That brings me to my blog. Despite my best efforts to stop thinking about Mormonism, it is part of just about every day of my life. Just three days ago, the missionaries dropped by unannounced to try to get me to “commit” to attending church on Sunday. The LDS church inserts itself into my life all the time. My well-meaning LDS friends and relatives send me stuff all the time. My mom tells me every week about the wonderful experiences she has at church. One of my children attends an LDS-owned university.

So, I write about Mormonism as it comes up. And because it comes up all the time, I tend to write about it more often than not. Because of that, I have had a steady stream of commenters who tell me how wrong it is for me to write about Mormonism, how I will never “heal” as long as I can’t just forgive the LDS church, walk away from it, and “leave it alone.” They are, they tell me, simply concerned with my mental and emotional well-being.

No, they are not. They are protecting their church from perceived harm. They know what the church is and what it does to people, but they have decided that the organization is far more important than the well-being of anyone who is harmed by it. As long as they get what they want from the church, to hell with everyone else.

And that’s why I still care about Mormonism and what it does to people. As long as it continues to hurt people, I will continue to speak out.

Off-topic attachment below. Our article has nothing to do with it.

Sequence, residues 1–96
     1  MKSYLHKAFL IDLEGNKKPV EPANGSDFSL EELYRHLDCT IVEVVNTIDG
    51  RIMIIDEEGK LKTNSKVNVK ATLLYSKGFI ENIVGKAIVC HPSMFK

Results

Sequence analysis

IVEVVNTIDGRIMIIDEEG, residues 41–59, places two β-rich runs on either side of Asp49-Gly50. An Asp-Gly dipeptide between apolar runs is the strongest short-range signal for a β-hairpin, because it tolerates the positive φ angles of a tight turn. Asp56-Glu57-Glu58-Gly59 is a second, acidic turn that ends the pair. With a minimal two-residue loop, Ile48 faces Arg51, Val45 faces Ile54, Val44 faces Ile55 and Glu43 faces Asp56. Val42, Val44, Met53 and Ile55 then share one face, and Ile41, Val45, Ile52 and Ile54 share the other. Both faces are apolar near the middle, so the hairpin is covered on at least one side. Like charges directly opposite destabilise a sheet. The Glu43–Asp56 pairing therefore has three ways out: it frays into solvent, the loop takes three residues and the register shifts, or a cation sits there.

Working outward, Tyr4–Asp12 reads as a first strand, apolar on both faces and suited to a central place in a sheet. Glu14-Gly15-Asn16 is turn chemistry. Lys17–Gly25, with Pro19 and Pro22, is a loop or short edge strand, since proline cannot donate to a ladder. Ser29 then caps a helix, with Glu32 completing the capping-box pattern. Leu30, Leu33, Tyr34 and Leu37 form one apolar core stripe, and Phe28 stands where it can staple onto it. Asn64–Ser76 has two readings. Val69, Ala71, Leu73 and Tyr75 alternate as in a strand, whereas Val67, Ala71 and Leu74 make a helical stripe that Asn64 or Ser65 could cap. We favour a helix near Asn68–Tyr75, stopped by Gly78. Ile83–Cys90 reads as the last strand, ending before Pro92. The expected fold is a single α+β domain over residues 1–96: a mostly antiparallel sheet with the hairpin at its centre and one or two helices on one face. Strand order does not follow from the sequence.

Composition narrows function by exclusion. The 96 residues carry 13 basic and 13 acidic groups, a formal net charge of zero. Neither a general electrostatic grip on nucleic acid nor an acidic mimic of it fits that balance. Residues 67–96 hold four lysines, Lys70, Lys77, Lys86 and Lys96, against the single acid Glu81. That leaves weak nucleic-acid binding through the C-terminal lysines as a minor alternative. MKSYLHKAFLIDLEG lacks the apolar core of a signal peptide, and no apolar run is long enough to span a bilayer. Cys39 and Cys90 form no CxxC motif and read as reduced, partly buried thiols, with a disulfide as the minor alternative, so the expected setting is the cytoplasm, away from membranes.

Going Clear

March 30, 2015

I watched most of the HBO documentary “Going Clear” last night and then watched the last bit on my lunch hour. For those who aren’t familiar with it, the film talks with former high-ranking Scientologists about their experiences in Scientology. It has really affected me in ways I hadn’t expected. Most of all, it helped me understand perhaps a little better how controlling organizations work and why we allow them to exert control over ourselves. I wrote down some of the quotes that resonated with me, probably because I see how these things have applied in my own life.

You get this phobia inducement that if I leave, it’s all going to go down the tubes. When you’re in the organization, all the good that happens to you is because of Scientology, and everything that isn’t good is your fault.

How many times have I heard that, if I was having problems, they were a result of me not trying hard enough or not having enough faith or not being humble enough?

You begin to believe that you need the organization to survive, to have any hope of a decent life.

Your future, your eternity, all depends on you going up the Bridge. It’s scary. It’s kinda like Christianity with hell. If they don’t have the Bridge, they can’t go free. They don’t believe they can get it anywhere else.

What happens is that you no longer trust yourself to live your life authentically. You adopt someone else’s script for your life. “You take on a kind of a matrix of thought that is not your own.”